Many of the major culture-bearing institutions in Europe have closed their doors and switched off the lights. Meanwhile Bergen International Festival is opening a new window, says artistic director Anders Beyer.
Festivals across the continent are throwing in the towel and saying, “We hope to see you next year!” Cancellations, postponements, possible bankruptcies and desperate cries for help have made their mark on the arts and culture since the pandemic took over our part of the world in earnest. As a result, the public are increasingly looking for cultural experiences that do not involve exploring yet another Netflix backwater.
No one knows with certainty when we can be together again in a way that resembles the cultural community that we had before. Even when the official all-clear sounds, it is likely that our collective behavioural patterns will be transformed for a whole generation.
But in this historic situation new spaces are being created for the creative forces that see the crisis as the beginning of something different – maybe even something better than what came before. We have the potential for reflection, spending time with our families, redefining ‘the campfire’ and thinking about what it is that bears us forward.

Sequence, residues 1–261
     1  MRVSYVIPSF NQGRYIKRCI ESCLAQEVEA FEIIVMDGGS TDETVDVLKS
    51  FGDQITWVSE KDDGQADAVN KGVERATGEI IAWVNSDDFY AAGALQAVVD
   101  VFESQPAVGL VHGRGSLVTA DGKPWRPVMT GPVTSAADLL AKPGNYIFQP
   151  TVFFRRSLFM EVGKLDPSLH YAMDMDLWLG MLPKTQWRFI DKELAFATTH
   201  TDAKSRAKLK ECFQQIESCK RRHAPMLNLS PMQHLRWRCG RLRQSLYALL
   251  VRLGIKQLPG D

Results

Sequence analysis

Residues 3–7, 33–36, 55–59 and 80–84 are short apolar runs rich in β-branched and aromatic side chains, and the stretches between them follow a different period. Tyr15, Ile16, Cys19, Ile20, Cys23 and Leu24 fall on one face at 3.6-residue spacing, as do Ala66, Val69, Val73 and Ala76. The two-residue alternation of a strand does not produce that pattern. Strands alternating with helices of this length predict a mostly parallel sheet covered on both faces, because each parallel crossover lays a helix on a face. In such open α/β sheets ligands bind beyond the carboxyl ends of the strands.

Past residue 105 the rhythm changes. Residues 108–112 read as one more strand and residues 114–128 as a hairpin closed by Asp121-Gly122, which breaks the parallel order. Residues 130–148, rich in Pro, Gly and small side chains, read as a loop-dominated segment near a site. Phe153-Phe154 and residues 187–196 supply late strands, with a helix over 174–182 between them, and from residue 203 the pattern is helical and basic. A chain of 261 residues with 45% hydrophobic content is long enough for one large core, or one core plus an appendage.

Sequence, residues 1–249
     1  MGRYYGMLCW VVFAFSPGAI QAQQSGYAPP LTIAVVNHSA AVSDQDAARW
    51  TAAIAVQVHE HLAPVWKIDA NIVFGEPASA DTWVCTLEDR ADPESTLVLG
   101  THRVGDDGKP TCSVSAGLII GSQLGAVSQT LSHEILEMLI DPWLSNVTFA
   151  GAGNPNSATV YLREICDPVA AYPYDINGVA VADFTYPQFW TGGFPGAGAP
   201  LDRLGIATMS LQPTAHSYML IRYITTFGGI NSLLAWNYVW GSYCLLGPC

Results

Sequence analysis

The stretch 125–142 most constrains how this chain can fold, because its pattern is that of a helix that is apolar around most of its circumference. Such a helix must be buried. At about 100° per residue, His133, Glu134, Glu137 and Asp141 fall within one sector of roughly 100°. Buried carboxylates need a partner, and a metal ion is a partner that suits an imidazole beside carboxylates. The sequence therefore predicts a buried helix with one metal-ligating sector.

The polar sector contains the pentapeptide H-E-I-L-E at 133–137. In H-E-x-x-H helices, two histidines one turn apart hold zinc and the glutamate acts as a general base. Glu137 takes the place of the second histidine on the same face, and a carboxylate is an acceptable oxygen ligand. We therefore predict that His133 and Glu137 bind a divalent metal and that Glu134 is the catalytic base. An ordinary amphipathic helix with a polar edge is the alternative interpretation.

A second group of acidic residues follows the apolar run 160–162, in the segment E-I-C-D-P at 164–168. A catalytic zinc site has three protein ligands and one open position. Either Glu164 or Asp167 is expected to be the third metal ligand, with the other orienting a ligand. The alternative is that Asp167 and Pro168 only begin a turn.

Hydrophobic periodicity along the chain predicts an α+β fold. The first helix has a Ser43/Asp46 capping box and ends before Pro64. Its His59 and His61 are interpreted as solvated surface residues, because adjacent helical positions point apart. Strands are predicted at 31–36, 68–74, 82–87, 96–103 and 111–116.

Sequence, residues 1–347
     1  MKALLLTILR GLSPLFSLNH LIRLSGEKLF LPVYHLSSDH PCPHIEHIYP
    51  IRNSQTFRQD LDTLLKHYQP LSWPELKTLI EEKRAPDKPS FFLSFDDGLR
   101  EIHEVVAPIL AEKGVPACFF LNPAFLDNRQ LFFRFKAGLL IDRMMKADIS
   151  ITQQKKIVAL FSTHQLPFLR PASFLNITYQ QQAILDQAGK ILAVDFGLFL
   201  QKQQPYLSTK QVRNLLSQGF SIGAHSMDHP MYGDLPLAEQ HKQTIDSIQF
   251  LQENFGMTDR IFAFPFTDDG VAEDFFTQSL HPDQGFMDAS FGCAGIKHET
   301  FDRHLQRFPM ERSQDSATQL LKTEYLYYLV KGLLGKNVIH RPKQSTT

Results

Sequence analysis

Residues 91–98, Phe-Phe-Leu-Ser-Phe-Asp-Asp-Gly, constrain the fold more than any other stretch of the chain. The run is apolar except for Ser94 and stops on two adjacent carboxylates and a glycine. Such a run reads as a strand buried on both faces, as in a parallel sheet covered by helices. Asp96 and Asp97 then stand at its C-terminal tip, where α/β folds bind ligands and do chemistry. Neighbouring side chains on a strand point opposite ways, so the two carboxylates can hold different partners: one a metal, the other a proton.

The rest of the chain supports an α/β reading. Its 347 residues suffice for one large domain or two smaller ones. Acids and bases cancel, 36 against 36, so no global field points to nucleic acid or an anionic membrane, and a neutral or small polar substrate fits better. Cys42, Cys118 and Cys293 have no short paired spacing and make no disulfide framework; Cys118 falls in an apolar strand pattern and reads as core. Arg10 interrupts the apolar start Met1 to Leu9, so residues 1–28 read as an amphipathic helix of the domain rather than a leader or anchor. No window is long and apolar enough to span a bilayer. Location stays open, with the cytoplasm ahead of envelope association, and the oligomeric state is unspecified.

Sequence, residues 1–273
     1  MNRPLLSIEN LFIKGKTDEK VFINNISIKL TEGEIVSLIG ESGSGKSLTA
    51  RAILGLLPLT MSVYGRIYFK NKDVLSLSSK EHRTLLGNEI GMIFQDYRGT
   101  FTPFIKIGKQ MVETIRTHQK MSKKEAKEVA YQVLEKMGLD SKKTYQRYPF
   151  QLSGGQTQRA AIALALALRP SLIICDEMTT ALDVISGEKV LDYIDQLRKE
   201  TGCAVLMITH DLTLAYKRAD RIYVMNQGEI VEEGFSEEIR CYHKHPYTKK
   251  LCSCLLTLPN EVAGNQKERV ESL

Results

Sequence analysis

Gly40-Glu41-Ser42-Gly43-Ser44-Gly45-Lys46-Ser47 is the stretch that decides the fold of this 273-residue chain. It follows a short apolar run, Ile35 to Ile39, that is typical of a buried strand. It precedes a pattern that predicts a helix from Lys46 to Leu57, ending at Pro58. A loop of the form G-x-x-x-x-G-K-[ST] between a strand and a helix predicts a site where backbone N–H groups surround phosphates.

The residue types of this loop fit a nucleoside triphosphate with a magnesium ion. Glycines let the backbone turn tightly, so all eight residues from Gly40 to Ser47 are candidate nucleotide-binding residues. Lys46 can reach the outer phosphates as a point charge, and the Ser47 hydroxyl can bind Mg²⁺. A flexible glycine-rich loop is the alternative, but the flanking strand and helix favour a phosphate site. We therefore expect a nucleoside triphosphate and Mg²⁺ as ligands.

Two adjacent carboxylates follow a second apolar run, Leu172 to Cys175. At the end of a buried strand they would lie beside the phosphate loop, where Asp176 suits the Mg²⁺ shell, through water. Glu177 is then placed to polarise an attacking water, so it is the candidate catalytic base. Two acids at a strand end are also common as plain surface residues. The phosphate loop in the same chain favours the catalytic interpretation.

We begin on 20 May with our grand opening concert, broadcast from Bergen’s famous Grieghallen. The artists include the Bergen Philharmonic Orchestra, Wardruna’s Einar Selvik, Edvard Grieg Choir, pianist Leif Ove Andsnes and violinists Ludvig Gudim and Eldbjørg Hemsing.
Another headline concert comes from Einar Selvik, a Norwegian composer and musician, who takes to the virtual stage on 21 May. A founding figure behind the music constellation Wardruna, this concert will see him focus on musical interpretations of Old Norse and Nordic traditions.
The festival, though, is about more than just performances. To that end, we have a masterclass with conductor Edward Gardner (22 May); a session on decolonising the arts, with Martine Dennewald (artistic director, Festival Theaterformen), author and activist Guro Sibeko and Thomas Prestø (artistic director, Tabanka) on 25 May; and I myself will be interviewing festival composer Jörg Widmann (22 May).
Art and culture define who we are and very much bind us together. Now we must find new ways to come together and, we hope, gain new insights along the way. Schoenberg followed his 12-tone serialism, but composed as before. Everything has changed, and everything is the same. The aim is still to avoid being reduced as human beings to columns and numbers in the spreadsheet, which will never be able to account for what actually makes life worth living: beauty, community. love.
This story an extract from an article that will be published in IAM Vol 16 Iss 7 on 21 May.